This year marks the 25th anniversary of EA Sports' "NHL 94," which is considered the greatest 16-bit hockey video game by everyone who apparently never got around to playing "NHL 95."
"NHL 94" is the game that featured real players and real teams. It's the game whose simplicity made it attractive to non-believers and whose deke-tastic attention to detail made puckheads swoon. It's a game that still has a passionate following today, as evidenced by the popularity of the annual "King of 94" tournament.
It's an anniversary that has inspired long reads and oral histories, and one that has Jeremy Roenick once again answering more questions about his place in video game history than his actual career, quietly cursing the day Jon Favreau decided to have him make Gretzky's head bleed in the script for "Swingers."
Look, it's a great game. It's an important game. Many Sega Genesis controllers in college dorm rooms were worn out because of this game. But as far as sports video game anniversaries in 2018 go, there's an even more significant one to the history of the medium, because 30 years ago the world was introduced to one of hockey's greatest rivalries:
"Blades of Steel" vs. Nintendo's "Ice Hockey."
To frame this in modern terms: It's Crosby vs. Ovechkin for the 8-bit set. It's a straight-laced, traditional and superb encapsulation of hockey's fundamental greatness vs. an adrenaline shot of joy pumped into one's hockey heart, with ridiculous power shots from hulking players.
"Blades of Steel" was a coin-operated arcade game created by Konami that was ported over to the Nintendo Entertainment System (NES) in December 1988. It was, at the time, perhaps the noblest attempt at hockey realism: Five skaters on the ice, shots and passes, and a fighting engine that made in-game fisticuffs better than some boxing games at the time. (The fact that the loser of the fight got the penalty was, perhaps, the game's most underappreciated innovation.) There were eight teams that represented NHL states and cities, but since the game wasn't authorized by the league, the colors of the teams were wildly off: The Minnesota team, for example, was purple. Vancouver wore green and brown.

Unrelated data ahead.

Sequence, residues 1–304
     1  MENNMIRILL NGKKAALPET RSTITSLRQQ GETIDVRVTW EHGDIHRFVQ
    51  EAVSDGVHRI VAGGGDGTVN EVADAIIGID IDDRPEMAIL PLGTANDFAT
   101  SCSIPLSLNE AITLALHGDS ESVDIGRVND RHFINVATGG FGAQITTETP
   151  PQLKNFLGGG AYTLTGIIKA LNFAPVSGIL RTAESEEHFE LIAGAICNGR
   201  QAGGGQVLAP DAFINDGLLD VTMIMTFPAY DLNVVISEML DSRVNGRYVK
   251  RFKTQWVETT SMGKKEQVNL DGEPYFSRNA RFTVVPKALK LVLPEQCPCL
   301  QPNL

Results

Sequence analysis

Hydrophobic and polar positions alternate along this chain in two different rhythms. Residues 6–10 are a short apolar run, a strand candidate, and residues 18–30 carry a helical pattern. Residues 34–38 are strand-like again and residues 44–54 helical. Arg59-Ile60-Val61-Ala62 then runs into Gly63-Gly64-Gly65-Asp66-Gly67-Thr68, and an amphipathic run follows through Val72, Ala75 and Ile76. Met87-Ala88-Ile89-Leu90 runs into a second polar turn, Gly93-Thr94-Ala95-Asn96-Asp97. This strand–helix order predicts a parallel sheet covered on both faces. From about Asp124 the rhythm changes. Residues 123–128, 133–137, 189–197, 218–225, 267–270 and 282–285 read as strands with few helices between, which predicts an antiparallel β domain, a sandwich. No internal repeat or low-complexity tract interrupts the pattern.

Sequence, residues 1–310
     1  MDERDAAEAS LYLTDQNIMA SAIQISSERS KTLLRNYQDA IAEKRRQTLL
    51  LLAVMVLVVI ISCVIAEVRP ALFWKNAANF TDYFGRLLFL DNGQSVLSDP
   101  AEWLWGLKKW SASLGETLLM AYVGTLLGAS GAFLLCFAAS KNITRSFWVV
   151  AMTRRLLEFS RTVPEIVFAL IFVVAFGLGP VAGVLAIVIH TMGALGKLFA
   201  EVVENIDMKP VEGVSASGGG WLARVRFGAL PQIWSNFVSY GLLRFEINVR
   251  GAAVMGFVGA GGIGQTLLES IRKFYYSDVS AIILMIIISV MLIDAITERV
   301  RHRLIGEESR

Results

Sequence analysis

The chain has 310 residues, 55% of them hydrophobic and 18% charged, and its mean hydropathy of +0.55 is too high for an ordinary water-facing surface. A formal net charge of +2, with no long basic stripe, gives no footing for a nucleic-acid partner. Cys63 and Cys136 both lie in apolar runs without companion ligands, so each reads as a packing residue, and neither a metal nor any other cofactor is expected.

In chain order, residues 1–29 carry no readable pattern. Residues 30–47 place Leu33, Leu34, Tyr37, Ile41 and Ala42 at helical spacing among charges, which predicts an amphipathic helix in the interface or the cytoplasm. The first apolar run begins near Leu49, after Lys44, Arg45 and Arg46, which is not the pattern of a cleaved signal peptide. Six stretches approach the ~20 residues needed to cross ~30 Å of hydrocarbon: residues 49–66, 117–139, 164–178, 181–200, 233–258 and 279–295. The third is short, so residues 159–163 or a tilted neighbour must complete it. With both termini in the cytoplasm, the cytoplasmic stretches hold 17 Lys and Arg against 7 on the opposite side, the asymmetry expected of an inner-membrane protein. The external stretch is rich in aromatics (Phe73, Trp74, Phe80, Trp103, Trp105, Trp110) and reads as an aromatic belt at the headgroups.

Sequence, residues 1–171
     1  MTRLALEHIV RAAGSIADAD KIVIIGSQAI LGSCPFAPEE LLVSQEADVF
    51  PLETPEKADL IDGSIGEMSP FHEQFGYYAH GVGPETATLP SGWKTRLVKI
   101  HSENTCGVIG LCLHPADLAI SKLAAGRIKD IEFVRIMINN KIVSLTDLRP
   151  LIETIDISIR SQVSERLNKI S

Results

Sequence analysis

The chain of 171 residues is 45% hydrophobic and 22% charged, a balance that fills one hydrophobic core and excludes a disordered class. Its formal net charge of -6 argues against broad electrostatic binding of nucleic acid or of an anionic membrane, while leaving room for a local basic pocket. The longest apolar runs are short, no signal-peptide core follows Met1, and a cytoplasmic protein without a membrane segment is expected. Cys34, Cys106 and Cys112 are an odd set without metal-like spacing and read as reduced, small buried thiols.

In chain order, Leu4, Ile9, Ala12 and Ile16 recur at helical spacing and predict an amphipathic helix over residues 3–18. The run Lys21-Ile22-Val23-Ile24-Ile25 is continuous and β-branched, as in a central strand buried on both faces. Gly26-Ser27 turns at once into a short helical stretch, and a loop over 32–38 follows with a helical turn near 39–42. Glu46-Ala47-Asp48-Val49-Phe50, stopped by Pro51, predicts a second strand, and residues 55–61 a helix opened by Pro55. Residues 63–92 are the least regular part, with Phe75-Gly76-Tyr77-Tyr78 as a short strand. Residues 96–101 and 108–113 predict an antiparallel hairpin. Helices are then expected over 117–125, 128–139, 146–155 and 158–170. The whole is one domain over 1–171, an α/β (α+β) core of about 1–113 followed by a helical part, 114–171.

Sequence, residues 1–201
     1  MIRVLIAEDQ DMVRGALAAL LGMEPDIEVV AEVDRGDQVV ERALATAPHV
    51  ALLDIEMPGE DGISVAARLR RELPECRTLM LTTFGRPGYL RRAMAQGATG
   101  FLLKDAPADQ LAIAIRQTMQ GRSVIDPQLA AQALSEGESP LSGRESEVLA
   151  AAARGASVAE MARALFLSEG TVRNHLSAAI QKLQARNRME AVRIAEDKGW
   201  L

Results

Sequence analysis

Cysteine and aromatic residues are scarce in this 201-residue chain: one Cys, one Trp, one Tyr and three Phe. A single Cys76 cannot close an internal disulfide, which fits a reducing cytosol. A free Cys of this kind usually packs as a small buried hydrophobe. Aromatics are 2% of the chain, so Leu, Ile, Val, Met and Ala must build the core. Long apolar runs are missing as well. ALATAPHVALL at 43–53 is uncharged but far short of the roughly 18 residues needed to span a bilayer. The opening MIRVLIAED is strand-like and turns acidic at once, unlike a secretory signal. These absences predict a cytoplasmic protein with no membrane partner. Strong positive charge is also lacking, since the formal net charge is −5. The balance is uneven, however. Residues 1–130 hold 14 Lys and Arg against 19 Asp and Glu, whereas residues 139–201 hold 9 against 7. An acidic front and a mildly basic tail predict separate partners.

While not as quirky as its rival "Ice Hockey," the game had its memorable weirdness. Witness the "mini-games" that were played between periods, which were in-game ads for other Konami games like "Contra." Witness the fact this "realistic" hockey game had icing but no offside, and games ended in a shootout roughly 17 years before they would in the NHL.
And then there was the raging controversy over the voice samples used in the game, specifically when a pass is attempted. Was he saying "with the pass?" "It's a pass?" "Hit the pass" was the most popular option, but those who played the coin-op version swear it's "get the pass."
Time to solve one of life's great mysteries: exactly what is the announcer saying when you pass the puck in Blades of Steel?
Hit the pass? With the pass?
Actually, Get the pass.
Here's the NES version followed by the arcade version with clearer audio.
Happy to be of service. pic.twitter.com/lDO1Onc9RT
- Arda with ESPN Esports at #BlizzCon (@ArdaOcalTV) September 17, 2018
There are no voice samples in Nintendo's "Ice Hockey," which was released on NES in March 1988. Heck, there were only four skaters on each team, too. But for a generation of fans, this game's charms eclipsed its more blasphemous aspects.
Four words: Skinny, medium, fat, fat.
That was my player configuration for my "Ice Hockey" team -- selected from six national teams, rather than NHL-adjacent teams, including Canada, the U.S. and the Soviets. (The European version of the game included a seventh team, noted hockey powerhouse ... Portugal?)
The skinny guy was great on faceoffs, fast as the wind but could be knocked down with a feather; the medium guy was perfectly average in every way; the fat guy skated like an ocean liner but had the ability to uncork an unstoppable slap shot that would find its way into the net from the red line.
Then there were the "fights" in which all the players scrummed until one was taken to the penalty box. There were the Jason Voorhees-masked Zamboni drivers who bopped up and down while cleaning the ice. Did we mention some of the players were built like Ndamukong Suh?